The story begins in Pleasant Grove, Texas, outside Dallas. As noted earlier, his father was a bricklayer, and his father and grandfather had been bricklayers. Early on in his life, Hauerwas took up his father’s trade, and probably would have been a brick layer himself, had his mother not dedicated him to God’s service. The calling came through his mother, but from his father he learned how to work hard. He also learned the words he would become famous for uttering in polite society. As for the prayer and the dedication of his life, Hauerwas wished that his mother had refrained from sharing the news, but he also believes that it was this prayer that made him the person he is today. Had he not known of this calling, which he confesses may have limited his autonomy, but ultimately, that may not have been a bad thing.
Autonomy, given my energy, probably would have meant going into business and making money. There is nothing wrong with making money, but it was just not in my family’s habits to know how to do that. All we knew how to do was work, and we usually liked the work we did. As it turns out, I certainly like the work Mother’s prayer gave me (p. 4).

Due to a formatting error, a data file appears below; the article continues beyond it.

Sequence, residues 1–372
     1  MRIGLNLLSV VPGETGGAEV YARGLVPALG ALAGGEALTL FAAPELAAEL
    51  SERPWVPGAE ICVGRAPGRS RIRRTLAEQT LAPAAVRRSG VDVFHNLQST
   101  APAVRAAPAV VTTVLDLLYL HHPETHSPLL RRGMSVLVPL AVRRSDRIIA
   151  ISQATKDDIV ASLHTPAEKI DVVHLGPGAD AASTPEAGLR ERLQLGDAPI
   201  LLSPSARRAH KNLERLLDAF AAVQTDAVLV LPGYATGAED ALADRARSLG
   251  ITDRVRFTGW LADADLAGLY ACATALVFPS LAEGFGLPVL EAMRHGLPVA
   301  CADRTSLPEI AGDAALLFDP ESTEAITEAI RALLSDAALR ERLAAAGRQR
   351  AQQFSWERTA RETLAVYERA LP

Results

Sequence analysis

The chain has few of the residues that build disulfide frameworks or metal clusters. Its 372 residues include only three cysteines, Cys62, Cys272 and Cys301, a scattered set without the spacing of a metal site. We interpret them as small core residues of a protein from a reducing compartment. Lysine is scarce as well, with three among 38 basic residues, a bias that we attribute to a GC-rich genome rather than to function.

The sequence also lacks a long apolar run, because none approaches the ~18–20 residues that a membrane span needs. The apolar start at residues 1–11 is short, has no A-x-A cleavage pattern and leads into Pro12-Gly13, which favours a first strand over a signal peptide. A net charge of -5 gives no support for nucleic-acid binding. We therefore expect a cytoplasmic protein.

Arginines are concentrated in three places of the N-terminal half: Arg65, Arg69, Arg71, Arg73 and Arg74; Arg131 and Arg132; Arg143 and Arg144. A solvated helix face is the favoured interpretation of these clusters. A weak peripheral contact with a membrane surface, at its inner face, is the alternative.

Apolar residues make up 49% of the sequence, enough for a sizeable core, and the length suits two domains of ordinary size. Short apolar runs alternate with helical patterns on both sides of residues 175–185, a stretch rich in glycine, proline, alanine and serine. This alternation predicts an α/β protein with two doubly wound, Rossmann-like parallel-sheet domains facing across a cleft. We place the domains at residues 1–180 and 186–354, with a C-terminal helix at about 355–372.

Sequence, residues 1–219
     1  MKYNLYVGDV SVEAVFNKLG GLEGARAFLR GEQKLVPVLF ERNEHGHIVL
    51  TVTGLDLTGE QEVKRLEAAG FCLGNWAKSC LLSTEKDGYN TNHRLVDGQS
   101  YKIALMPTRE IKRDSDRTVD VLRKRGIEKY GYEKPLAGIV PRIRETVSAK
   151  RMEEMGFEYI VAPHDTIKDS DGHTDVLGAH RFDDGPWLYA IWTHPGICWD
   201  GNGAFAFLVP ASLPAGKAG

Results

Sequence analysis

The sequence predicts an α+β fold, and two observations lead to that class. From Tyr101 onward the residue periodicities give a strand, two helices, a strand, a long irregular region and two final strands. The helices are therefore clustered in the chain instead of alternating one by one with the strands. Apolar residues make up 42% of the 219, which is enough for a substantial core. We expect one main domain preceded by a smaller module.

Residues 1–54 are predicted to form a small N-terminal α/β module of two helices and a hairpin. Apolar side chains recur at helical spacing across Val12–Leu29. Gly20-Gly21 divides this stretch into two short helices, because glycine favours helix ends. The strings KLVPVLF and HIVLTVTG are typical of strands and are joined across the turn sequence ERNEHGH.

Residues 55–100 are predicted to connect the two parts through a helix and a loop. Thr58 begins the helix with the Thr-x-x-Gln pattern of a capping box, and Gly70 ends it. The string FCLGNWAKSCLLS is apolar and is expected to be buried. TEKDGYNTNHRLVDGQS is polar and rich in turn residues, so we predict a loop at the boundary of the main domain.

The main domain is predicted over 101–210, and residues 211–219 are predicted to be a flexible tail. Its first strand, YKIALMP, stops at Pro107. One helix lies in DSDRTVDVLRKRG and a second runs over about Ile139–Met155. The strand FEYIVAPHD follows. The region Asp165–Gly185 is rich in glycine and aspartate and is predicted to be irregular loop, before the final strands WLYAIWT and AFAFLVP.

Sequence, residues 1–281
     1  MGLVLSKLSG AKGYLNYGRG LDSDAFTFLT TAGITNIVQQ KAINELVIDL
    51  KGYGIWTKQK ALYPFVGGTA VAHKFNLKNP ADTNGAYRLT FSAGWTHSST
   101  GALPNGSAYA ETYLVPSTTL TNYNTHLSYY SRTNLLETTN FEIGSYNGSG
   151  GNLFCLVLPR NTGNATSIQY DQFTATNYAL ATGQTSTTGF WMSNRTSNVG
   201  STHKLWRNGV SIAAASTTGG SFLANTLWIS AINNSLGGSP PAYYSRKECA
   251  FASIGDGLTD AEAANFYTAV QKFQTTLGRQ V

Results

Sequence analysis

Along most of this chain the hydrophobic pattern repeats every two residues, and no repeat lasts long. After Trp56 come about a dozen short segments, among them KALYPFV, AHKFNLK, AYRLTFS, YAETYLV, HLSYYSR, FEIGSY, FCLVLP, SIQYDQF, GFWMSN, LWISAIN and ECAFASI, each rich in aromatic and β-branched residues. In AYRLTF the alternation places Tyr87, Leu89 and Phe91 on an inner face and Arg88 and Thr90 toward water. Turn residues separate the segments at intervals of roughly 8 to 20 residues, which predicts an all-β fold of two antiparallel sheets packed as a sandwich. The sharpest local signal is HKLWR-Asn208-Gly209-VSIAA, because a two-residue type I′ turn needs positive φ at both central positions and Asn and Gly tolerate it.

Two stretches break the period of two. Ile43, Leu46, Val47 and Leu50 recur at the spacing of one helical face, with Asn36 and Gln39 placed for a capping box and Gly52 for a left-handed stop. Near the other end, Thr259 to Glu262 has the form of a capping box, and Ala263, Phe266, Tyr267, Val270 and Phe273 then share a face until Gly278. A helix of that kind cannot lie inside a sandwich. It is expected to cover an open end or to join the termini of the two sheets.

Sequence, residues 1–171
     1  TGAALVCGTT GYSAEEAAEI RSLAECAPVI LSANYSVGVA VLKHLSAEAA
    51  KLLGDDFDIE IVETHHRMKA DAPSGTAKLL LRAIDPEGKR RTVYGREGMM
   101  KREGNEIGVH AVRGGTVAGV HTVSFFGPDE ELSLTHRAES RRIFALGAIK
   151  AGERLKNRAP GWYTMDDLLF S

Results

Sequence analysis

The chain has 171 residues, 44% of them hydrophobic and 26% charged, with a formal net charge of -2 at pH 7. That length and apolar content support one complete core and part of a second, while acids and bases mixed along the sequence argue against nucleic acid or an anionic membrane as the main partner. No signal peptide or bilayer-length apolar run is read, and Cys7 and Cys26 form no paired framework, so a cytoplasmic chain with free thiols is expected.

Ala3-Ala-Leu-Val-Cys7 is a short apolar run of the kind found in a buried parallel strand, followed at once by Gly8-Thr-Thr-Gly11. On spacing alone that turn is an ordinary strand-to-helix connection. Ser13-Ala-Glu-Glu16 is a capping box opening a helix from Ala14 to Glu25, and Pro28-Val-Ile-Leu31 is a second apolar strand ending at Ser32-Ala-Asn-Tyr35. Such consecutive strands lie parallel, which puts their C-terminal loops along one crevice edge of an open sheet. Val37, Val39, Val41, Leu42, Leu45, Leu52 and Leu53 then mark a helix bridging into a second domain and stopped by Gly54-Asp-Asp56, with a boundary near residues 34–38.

Before this calling could be fulfilled, Hauerwas would have to be saved. Although baptized at Pleasant Mound Methodist Church, being saved was a long process, one that didn’t truly take until he became a theologian. Carrying the burden of service to God, he knew he had to go to college, something no one in his family had ever done. Encouraged by his teachers and by his ministers, he became an avid reader, so that even before he went to college he was reading history and philosophy. This need to study for ministry took him to Southwestern College, a place at which he discovered he didn’t really fit in. He was of working class stock and yet he has spent his life in academia. It was at Southwestern that he met the first of his mentors, a professor who would guide his studies and helped him navigate both life and faith. It was there that he discovered a love of philosophy, which would undergird his work as a theologian and ethicist. Despite the direction that his life was taking, he still wasn’t sure that he was a Christian. But during this time he discovered that “to be a Christian meant that you could never protect yourself from the truth” (p. 11). This discovery, combined with his working class Texas background helped contribute to another aspect of Hauerwas’s reputation – his straightforwardness and desire to get to the heart of the matter. It was a quality that would get him into trouble on many occasions during his academic career.